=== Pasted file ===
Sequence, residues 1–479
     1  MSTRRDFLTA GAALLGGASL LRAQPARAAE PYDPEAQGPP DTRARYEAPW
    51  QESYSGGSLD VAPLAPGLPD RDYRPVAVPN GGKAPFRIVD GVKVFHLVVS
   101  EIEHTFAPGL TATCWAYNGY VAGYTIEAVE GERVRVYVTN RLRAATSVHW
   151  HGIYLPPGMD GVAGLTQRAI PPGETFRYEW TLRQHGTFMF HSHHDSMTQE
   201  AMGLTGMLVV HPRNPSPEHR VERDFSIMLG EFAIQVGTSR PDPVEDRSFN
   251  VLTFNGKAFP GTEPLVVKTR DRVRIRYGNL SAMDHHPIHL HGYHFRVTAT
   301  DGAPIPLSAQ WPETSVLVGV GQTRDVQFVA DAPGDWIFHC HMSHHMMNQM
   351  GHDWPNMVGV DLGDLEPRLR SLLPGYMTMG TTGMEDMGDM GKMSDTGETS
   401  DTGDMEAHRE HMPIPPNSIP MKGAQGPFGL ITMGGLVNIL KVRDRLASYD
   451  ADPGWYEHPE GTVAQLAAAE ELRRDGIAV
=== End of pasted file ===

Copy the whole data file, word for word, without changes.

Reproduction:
Sequence, residues 1–479
     1  MSTRRDFLTA GAALLGGASL LRAQPARAAE PYDPEAQGPP DTRARYEAPW
    51  QESYSGGSLD VAPLAPGLPD RDYRPVAVPN GGKAPFRIVD GVKVFHLVVS
   101  EIEHTFAPGL TATCWAYNGY VAGYTIEAVE GERVRVYVTN RLRAATSVHW
   151  HGIYLPPGMD GVAGLTQRAI PPGETFRYEW TLRQHGTFMF HSHHDSMTQE
   201  AMGLTGMLVV HPRNPSPEHR VERDFSIMLG EFAIQVGTSR PDPVEDRSFN
   251  VLTFNGKAFP GTEPLVVKTR DRVRIRYGNL SAMDHHPIHL HGYHFRVTAT
   301  DGAPIPLSAQ WPETSVLVGV GQTRDVQFVA DAPGDWIFHC HMSHHMMNQM
   351  GHDWPNMVGV DLGDLEPRLR SLLPGYMTMG TTGMEDMGDM GKMSDTGETS
   401  DTGDMEAHRE HMPIPPNSIP MKGAQGPFGL ITMGGLVNIL KVRDRLASYD
   451  ADPGWYEHPE GTVAQLAAAE ELRRDGIAV